Today's Commentary

Updated on January 27, 2015 10:58:20 AM EST
Tuesday’s bond market has opened well in positive territory following mixed economic data and significant selling in stocks. The stock markets are in selling mode this morning due to economic data and disappointing earnings news, combined with skeleton trading staff because of the storm in the Northeast. This has the Dow down 294 points and the Nasdaq down 83 points. The bond market is currently up 18/32, which should improve this morning’s mortgage rates by approximately .125 - .250 of a discount point. Weakness in trading late yesterday is preventing more of an improvement if comparing to Monday’s morning pricing.

The Commerce Department gave us this week’s first relevant data with the release of December's Durable Goods Orders at 8:30 AM ET. It revealed a 3.4% decline in new orders at U.S. factories for big-ticket products such as appliances, electronics and airplanes. Even though this headline number is known to be quite volatile, this was still a pretty wide variance from forecasts of a 0.6% increase. A secondary reading that excludes more pricy and volatile airplane and other transportation orders showed a 0.8% decline when analysts were expecting to see a 0.7% increase. That also supports the headline number in indicating the manufacturing sector was softer than many had thought last month, making this report good news for bonds and mortgage rates.

January's Consumer Confidence Index (CCI) was released at 10:00 AM ET, showing a surprising reading of 102.9. This was much higher than analysts were calling for and a sizable jump from December’s 93.1. In fact, it was the strongest reading since August 2007 and indicates that surveyed consumers were much more optimistic about their own financial and employment situations this month than nearly anyone had thought. That is bad news for bonds and mortgage rates because rising confidence means consumers are more apt to spend, fueling economic growth.

Today’s third piece of data was the least important of the morning’s batch but did show a sizable difference between forecasts and its actual results. The Commerce Department gave us December’s New Home Sales figures late this morning. They showed an 11.6% rise in sales of newly constructed homes, greatly exceeding forecasts of an increase of 2.7%. This means the new home portion of the housing sector was much stronger than expected last month. Therefore, we should consider it bad news for bonds and mortgage rates.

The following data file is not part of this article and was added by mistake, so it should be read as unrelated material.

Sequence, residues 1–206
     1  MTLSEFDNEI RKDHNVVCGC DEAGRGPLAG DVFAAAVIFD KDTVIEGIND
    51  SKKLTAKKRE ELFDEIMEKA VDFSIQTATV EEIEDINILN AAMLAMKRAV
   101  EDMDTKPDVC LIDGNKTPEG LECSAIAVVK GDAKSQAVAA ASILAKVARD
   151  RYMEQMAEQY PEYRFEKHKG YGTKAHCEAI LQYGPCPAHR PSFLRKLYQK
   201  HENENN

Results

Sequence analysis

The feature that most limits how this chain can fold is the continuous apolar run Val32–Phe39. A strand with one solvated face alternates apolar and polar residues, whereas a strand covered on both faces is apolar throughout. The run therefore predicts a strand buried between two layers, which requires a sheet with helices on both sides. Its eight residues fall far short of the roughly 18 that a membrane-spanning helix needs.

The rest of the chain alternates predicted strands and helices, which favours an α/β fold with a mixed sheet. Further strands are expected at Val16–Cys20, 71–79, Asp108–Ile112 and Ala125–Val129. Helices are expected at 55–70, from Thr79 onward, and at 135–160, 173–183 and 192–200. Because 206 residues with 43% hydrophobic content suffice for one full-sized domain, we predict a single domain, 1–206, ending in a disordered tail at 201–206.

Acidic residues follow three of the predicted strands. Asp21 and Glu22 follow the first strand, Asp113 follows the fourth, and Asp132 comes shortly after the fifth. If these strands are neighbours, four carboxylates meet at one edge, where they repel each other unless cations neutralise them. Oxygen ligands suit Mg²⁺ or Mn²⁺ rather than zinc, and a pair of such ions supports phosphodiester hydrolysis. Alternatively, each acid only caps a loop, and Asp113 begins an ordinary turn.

There is no economic data scheduled for release tomorrow that is expected to influence mortgage pricing. We do however have two afternoon events that could, with one being much more important than the other. The first afternoon event is the 5-year Treasury Note auction results at 1:00 PM ET. If the sale was met with a strong demand from investors, the broader bond market may improve during early afternoon trading. If there was a lackluster interest, we could see bond selling and higher mortgage rates shortly after.

This week’s two-day FOMC meeting that begins today will adjourn at 2:00 PM ET tomorrow. It is expected to yield no change to short-term interest rates, but as is often the case, traders will be looking for any indication of the Fed's change in sentiment about the economy and when the first increase to short-term rates will be made. There is a decent possibility of seeing some afternoon volatility in the markets due to the post-meeting statement. However, I would be surprised if the statement revealed any significant surprises or changes to sentiment on the Fed’s monetary policy plans.

If I were considering financing/refinancing a home, I would.... Lock if my closing was taking place within 7 days... Lock if my closing was taking place between 8 and 20 days... Lock if my closing was taking place between 21 and 60 days... Lock if my closing was taking place over 60 days from now... This is only my opinion of what I would do if I were financing a home. It is only an opinion and cannot be guaranteed to be in the best interest of all/any other borrowers.

 ©Mortgage Commentary 2015
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